Introducing the new Spider-Man

Recently, Marvel Comics made news when Peter Parker was killed off in Ultimate Spider-Man. Keep in mind that the Spidey in Ulitmate Spider-Man exists in a different universe than the original Spider-Man, so even though Peter Parker is dead, he’s only dead in one comic universe. Hopefully that makes sense, as I want to move forward.
There’s been much hype surrounding the identity of the new Spider-Man, and Marvel has finally announced the mantel of everyone’s favorite wall-crawler will be picked up by Miles Morales. This is pretty significant because Miles is half black and half Puerto Rican, and he is taking over the role of Marvel’s most popular character (at least in this particular universe). And already the Internet is buzzing with people who are opposed to the idea. Some think it is a marketing ploy to sell more books, others think it is some sort of sacrilege to have anyone other than Peter Parker be Spider-Man in any universe, and still others can’t understand why the Spider-man can’t just be a white kid like he’s always been.

Personally, I’m excited. One of my dream projects has always been to write Spider-Man, and to reimagine him, either as a black kid or perhaps Latino, so this move represents something I’ve wanted to do for many years. But that’s not the only reason I’m excited. My good friend Brian Bendis is writing this new version of Spider-Man (and has been writing Ultimate Spider-Man since it debuted in 2000), and if there is any writer currently working in comics, he’s the one who is going to make this character and this book really come to life.

Now, some of you may recall my complaints a while back about DC’s new character, Batwing, also known as “the Batman of Africa,” and may be wondering what the difference between this and the new Spider-Man is. Well, for one thing the new Spider-Man isn’t the “Spider-Man of Africa,” swinging around the dark continent fighting crime. No, he is simply Spider-Man, and he will be fighting crime alongside the other characters in Marvel’s Ultimate universe, not off in Africa or Puerto Rico, or wherever is convenient to have a non-white hero fighting crime, without him messing up the status quo of the established comics world. The other difference is Bendis, who again is a great writer, and who I have enough confidence in to believe he won’t write a character steeped in ethnic stereotypes and tired clichés.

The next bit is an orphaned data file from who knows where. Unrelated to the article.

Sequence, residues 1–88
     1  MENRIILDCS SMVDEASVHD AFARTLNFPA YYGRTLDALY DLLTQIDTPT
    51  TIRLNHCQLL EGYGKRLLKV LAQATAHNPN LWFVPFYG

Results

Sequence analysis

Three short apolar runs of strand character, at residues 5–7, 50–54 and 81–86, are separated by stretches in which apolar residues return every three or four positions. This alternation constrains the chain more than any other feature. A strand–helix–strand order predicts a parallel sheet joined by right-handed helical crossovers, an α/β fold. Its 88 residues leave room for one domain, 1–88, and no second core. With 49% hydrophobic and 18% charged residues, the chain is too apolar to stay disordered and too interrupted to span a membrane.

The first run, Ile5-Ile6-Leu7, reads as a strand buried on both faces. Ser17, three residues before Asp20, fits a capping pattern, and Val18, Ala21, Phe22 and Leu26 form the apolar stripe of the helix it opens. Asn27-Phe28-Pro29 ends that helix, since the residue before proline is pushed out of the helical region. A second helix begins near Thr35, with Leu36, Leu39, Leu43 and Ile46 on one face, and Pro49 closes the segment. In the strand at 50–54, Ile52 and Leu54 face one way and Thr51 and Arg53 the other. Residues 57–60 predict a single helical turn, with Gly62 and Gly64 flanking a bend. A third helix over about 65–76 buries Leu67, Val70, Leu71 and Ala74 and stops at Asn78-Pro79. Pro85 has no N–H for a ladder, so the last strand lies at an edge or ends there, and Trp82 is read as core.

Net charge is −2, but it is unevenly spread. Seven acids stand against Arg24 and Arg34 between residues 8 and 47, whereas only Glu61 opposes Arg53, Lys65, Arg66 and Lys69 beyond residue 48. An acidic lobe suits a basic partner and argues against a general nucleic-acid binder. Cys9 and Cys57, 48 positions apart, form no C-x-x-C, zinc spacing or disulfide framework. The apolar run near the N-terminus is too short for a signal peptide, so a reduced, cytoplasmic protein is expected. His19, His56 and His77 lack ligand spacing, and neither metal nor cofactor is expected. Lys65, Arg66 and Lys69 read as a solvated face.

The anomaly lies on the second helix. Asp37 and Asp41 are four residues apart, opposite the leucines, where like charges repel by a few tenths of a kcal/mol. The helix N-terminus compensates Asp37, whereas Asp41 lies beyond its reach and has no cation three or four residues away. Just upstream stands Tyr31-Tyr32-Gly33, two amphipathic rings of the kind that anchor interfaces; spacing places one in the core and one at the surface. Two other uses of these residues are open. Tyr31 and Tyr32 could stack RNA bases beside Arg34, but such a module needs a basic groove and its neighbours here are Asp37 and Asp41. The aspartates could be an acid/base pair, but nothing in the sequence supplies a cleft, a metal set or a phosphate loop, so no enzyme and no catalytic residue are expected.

The world of comics, much like the world of Young Adult literature (and other pop culture mediums), has long suffered from a lack of diversity. To make matters worse, many attempts at diversity end up as little more than tokenism and worn out stereotypes. I hope that Miles Morales as Spider-Man doesn’t turn out that way (and if he does, I’ll call Bendis on it). I think this move by Marvel, which I suspect was more Bendis’s idea than anyone else’s, is both important and significant. For one thing, it is a first step in bringing much-needed diversity to comics (although much more needs to be done). Some would counter that Marvel could’ve just as easily introduced an all-new superhero, but the impact would not be the same, nor would it be that successful, simply because the current market is not supporting the introduction of new characters in this way. There’s a reason why comic publishers keep reinventing old characters more often than introducing all-new ones, and it’s because the all-new, all-different characters are much harder to sell in an over-saturated market. For another thing, and this is most important, the new Ultimate Spider-Man is providing the comics’ audience a chance to prove themselves to be open-minded when it come to issues of race and ethnicity. If this comic is good—and I believe with Bendis as the writer it will be—then the success or failure of it will depend on readers being able to get past whatever racial hang-ups they may have.

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One Response to “Introducing the new Spider-Man”

  1. EGGmockradio Says:

    I am so excited for this! Ultimate Spider-man is one of my favorite books and Brian Bendis favorite authors. I think this will truly be an excellent risk he is taking, the potential of which is astounding. I think if anyone can rock an A-List comics icon such as Spider-man like this, it’s Bendis.

    David, you are right on. The potential opened up here is huge. So much of the proverbial ‘cape and cowl’ genre in comics is tired and is a diversity black hole. Not only do the story telling aspects vastly increase, it allows you to see new characters, from a variety of backgrounds, giving new life to longtime fan favorites. I say huzzah!

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